Arab period

In 637, during the reign of the Byzantine emperor Heraclius, Antioch was conquered by the Arabs in the caliphate of al-Rashidun during the Battle of Iron Bridge. The city became known in Arabic as أنطاكيّة Antākiyyah. Since the Umayyad dynasty was unable to penetrate the Anatolian plateau, Antioch found itself on the frontline of the conflicts between two hostile empires during the next 350 years, so that the city went into a precipitous decline.

In 969, the city was recovered for the Byzantine Emperor Nicephorus II Phocas by Michael Burza and Peter the Eunuch. In 1078, Armenians seized power until the Seljuk Turks captured Antioch in 1084, but held it only fourteen years before the Crusaders arrived.

Crusader era

The Crusaders Siege of Antioch caused the city to suffer much during the First Crusade. Although it contained a large Christian population, it was ultimately betrayed by Islamic allies of Bohemund, prince of Taranto who, following a massacre of the Turkish garrison, became its lord. It remained the capital of the Latin Principality of Antioch for nearly two centuries. It fell at last to the Egyptian Mamluk Sultan Baibars, in 1268, after another siege. In addition to the ravages of war, the city's port became inaccessible to large ships due to the accumulation of sand in the Orontes river bed. As a result, Antioch never recovered as a major city, with much of its former role falling to the port city of Alexandretta (Iskenderun).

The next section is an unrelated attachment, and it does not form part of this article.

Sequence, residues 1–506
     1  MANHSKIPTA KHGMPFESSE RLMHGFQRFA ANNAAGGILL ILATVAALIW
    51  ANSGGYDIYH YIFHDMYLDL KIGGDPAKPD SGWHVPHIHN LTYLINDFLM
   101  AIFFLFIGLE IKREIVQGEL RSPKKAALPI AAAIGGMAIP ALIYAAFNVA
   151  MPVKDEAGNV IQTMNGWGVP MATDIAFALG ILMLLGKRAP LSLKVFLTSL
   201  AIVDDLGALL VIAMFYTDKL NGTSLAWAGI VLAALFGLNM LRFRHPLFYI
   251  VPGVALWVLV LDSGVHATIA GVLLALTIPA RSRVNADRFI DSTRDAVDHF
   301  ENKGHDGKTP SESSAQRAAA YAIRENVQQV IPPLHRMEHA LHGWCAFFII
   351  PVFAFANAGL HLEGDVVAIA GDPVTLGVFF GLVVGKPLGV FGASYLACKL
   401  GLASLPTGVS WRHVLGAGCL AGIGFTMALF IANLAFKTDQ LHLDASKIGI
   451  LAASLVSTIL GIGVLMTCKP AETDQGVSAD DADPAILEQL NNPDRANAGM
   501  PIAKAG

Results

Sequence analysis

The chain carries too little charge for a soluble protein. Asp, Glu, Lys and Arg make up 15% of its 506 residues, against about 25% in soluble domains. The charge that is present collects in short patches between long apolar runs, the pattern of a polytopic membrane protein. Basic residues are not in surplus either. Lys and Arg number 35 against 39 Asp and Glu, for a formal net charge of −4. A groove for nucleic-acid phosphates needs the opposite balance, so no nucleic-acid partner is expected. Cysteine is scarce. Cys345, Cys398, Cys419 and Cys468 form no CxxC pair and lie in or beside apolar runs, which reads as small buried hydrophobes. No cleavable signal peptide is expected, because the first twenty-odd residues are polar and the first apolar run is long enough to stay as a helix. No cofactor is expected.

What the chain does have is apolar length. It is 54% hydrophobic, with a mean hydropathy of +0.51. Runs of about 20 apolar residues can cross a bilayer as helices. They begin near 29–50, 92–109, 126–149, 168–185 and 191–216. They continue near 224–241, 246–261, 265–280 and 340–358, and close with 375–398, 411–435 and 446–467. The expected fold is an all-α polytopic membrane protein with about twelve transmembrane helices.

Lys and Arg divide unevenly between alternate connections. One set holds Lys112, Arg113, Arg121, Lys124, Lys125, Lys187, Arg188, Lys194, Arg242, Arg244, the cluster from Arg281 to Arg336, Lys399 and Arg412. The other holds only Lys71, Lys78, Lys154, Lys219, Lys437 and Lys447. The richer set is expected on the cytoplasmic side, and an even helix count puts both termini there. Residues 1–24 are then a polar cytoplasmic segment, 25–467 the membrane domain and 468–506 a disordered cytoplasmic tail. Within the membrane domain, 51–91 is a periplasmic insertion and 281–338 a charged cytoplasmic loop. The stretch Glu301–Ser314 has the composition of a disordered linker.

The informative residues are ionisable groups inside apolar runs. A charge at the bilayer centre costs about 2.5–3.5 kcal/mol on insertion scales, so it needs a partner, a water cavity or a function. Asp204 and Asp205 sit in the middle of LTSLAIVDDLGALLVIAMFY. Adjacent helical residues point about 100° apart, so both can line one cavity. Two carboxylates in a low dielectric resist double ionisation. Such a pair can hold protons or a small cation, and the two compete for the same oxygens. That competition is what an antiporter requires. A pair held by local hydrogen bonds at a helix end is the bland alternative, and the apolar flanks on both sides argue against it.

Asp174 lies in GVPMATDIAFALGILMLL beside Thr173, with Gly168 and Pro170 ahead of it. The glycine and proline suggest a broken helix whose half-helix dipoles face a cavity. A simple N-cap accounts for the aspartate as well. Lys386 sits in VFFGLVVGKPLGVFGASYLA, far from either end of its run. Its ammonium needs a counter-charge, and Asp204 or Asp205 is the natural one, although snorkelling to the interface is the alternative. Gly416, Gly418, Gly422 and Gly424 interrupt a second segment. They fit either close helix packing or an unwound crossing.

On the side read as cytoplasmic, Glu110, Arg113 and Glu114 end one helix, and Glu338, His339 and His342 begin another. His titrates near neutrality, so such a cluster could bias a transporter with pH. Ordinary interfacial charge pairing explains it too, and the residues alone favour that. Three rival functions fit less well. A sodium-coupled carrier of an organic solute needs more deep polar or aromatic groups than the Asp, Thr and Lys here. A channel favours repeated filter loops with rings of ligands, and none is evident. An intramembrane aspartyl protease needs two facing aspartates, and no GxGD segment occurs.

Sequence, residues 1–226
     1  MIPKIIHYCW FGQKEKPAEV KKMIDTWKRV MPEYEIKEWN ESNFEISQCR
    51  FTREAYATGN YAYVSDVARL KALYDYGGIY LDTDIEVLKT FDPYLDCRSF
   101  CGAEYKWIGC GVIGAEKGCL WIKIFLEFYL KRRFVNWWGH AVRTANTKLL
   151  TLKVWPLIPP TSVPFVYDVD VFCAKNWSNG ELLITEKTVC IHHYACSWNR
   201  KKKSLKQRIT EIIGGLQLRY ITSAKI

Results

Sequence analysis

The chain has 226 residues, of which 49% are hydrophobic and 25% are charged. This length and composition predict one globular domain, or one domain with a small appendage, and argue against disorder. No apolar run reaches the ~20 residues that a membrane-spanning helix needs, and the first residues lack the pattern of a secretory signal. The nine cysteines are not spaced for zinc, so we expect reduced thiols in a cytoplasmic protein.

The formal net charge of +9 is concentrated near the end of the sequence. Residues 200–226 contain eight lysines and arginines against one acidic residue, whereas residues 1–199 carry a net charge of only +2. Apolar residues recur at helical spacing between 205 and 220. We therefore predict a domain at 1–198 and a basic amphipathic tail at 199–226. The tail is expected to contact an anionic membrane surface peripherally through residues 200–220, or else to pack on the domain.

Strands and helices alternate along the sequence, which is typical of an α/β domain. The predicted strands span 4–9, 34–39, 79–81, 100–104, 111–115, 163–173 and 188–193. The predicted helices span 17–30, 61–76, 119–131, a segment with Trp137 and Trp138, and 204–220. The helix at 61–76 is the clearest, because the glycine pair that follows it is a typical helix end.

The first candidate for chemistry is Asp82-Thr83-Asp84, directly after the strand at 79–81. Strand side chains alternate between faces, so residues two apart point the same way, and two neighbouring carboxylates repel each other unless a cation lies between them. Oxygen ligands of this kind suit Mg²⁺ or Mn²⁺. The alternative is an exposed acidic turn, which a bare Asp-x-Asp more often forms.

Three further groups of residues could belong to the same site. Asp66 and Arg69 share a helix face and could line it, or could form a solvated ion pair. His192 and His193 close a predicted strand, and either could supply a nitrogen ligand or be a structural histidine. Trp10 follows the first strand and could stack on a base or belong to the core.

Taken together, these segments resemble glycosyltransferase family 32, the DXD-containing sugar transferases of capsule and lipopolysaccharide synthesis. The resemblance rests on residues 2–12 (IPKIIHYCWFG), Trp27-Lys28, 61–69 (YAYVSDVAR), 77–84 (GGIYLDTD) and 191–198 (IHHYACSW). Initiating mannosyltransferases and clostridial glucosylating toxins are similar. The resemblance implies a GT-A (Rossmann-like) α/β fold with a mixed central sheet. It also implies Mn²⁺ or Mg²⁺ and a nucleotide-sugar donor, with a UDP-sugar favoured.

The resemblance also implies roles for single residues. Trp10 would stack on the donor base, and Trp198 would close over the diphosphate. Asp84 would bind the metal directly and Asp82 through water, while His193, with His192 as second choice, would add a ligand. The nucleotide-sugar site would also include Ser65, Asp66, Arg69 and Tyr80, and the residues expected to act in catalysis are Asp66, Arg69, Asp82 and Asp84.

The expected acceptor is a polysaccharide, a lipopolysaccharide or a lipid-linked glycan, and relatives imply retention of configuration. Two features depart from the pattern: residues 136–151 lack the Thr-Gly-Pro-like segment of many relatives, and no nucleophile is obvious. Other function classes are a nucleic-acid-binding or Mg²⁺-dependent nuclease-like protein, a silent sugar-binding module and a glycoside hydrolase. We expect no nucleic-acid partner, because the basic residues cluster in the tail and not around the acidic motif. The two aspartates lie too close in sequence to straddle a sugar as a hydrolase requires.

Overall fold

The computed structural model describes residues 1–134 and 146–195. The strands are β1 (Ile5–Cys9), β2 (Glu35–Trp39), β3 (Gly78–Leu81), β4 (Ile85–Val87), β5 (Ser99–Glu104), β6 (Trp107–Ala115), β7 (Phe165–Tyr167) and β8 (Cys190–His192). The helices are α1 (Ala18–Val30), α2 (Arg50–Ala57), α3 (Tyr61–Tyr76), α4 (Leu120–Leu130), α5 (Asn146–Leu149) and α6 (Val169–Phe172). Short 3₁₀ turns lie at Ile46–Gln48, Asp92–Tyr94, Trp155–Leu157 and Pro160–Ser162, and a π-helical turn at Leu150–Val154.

Few traces of the once great Roman city are visible today aside from the massive fortification walls that snake up the mountains to the east of the modern city, several aqueducts, and the Church of St Peter (St Peter's Cave Church, Cave-Church of St. Peter), said to be a meeting place of an early Christian community. [ [ Sacred Destinations] retrieved July 1, 2008] The majority of the Roman city lies buried beneath deep sediments from the Orontes River, or has been obscured by recent construction.

Between 1932 and 1939, archaeological excavations of Antioch were undertaken under the direction of the "Committee for the Excavation of Antioch and Its Vicinity," which was made up of representatives from the Louvre Museum, the Baltimore Museum of Art, the Worcester Art Museum, Princeton University, and later (1936) also the Fogg Art Museum at Harvard University and its affiliate Dumbarton Oaks.